The Odyssey of Funk and Popular Music

COMPOSERS: Various
LABELS: Atlantic
ALBUM TITLE: Lester Bowie Brass Fantasy
PERFORMER: Lester Bowie, Joseph Gollehon, Ravi Best, Gerald Brazel (t), Bob Stewart (tba), Vincent Chancey (hn), Luis Bonilla, Joshua Roseman, Gary Valente (trb), Vinnie Johnson (d), Victor See Yuen (perc)
CATALOGUE NO: 3984-23026-2

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Lester Bowie has always played by his own rules. A trumpet player of narrow technical resources but unlimited emotional range, his style includes a vast array of sweet and sour phrases, glissandos, smears, raspberries and bronchial wheezes that somehow fit into the framework of his improvisations. In fact you only have to look back to Ellington brass players like ‘Cootie’ Williams or ‘Trick Sam’ Nanton to see how the idiosyncratic can be reimagined into a language of its own.

Bowie is best known for his work with Art Ensemble of Chicago, a collective that proposed jazz was a fluid, open-ended collection of mostly black musical idioms. In many ways the Brass Fantasy, formed in 1984, has extended this inclusive approach to repertoire but although it doesn’t indulge in free-jazz rhetoric it uses humour, irony and parody to make the point that the avant-garde can exist in sometimes incongruous, if not necessarily volatile, experimentation.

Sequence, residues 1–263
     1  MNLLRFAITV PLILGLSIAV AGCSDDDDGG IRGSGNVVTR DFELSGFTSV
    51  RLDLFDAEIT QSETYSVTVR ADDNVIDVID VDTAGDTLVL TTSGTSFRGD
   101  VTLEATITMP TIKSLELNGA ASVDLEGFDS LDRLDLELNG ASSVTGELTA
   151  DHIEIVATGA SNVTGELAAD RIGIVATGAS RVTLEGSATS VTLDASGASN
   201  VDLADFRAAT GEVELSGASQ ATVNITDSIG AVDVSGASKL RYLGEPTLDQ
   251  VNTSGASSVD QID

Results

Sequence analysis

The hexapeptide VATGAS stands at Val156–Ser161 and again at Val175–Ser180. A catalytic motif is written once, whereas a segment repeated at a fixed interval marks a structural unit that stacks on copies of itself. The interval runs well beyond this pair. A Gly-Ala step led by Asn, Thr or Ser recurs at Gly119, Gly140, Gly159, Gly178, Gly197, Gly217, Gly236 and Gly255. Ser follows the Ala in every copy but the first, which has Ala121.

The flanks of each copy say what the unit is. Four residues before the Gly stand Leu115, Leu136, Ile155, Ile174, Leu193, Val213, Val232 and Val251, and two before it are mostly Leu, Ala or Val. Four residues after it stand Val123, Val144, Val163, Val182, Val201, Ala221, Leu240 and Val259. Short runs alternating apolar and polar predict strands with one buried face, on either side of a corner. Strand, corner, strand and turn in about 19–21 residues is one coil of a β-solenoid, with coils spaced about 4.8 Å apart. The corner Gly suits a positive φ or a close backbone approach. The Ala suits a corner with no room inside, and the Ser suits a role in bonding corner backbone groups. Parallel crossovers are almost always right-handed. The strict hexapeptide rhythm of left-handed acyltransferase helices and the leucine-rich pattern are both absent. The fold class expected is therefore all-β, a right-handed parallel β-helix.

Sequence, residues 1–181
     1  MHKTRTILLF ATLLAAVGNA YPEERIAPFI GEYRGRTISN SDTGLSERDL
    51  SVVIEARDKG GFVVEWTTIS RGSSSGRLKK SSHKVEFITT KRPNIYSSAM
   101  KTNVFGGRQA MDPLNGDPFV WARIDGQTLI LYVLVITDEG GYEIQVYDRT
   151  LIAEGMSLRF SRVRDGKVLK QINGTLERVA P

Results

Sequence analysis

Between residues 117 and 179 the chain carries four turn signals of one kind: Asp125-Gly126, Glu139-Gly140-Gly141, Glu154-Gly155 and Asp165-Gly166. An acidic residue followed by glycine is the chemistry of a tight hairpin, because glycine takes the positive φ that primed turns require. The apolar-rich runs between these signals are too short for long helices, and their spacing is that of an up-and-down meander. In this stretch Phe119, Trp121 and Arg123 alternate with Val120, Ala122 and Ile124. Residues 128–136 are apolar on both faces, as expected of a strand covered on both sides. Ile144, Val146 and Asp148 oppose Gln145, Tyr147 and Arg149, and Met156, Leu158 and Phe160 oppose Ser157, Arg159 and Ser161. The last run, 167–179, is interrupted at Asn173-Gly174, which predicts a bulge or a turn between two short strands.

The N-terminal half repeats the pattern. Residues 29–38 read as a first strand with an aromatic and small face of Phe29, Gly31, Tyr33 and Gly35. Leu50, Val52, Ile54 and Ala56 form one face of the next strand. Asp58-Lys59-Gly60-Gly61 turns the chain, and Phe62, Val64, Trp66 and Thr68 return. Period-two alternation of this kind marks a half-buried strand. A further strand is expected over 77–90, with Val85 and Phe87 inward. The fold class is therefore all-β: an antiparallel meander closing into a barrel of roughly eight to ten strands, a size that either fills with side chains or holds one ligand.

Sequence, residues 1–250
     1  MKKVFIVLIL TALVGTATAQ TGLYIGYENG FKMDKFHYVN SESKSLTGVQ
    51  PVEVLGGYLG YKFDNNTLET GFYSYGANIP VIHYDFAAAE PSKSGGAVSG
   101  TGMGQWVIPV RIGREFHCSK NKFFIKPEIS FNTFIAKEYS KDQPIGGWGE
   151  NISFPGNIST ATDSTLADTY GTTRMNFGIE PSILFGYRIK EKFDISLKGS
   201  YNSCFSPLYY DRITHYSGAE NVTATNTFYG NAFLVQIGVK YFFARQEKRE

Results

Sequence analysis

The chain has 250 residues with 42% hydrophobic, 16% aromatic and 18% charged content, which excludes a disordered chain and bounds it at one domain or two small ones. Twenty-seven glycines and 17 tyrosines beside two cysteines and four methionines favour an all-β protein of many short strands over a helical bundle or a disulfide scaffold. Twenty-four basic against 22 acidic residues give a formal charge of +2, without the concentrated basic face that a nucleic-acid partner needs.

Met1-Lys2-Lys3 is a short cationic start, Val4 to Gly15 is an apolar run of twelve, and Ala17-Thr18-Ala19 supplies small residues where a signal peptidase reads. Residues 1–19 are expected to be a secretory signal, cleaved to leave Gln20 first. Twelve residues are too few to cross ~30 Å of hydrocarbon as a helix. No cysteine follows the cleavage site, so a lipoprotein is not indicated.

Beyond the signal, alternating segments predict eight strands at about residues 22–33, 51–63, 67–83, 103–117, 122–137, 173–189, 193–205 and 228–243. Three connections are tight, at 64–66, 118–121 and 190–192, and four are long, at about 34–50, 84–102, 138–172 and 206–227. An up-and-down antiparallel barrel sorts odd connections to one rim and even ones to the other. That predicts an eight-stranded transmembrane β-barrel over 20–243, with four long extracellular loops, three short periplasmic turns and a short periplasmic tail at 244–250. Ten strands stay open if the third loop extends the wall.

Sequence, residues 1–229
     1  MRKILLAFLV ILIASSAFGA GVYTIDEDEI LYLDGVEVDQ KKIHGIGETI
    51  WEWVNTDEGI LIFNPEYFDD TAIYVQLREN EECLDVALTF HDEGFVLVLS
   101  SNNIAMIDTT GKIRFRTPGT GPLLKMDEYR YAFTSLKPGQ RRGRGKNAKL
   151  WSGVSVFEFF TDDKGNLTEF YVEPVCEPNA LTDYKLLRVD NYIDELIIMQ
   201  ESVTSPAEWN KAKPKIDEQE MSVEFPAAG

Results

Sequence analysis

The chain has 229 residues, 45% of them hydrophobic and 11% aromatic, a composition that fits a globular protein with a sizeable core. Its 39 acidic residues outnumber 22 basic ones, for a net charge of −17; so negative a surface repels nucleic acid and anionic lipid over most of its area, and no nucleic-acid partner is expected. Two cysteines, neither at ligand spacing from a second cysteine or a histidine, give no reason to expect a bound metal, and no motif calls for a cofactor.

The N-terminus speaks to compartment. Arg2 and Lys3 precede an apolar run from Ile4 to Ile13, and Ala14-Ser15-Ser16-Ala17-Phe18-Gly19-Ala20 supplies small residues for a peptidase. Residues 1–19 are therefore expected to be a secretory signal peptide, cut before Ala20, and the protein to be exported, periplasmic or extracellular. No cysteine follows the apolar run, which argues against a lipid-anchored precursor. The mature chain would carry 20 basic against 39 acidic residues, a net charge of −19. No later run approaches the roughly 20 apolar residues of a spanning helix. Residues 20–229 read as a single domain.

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One of the great recordings of 1980 jazz was its comically seductive version of ‘I Only Have Eyes For You’. Here the players make common cause with the likes of ‘Nessun dorma’, ‘The Birth of Blues’, ‘Don’t Cry for Me, Argentina’ and ‘If You Don’t Know Me By Now’. Their ability to project such competing iconoclastic fantasies is a tribute to a conception rich in historical continuity while at the same time challenging our received notions of jazz’s margins and centre. Stuart Nicholson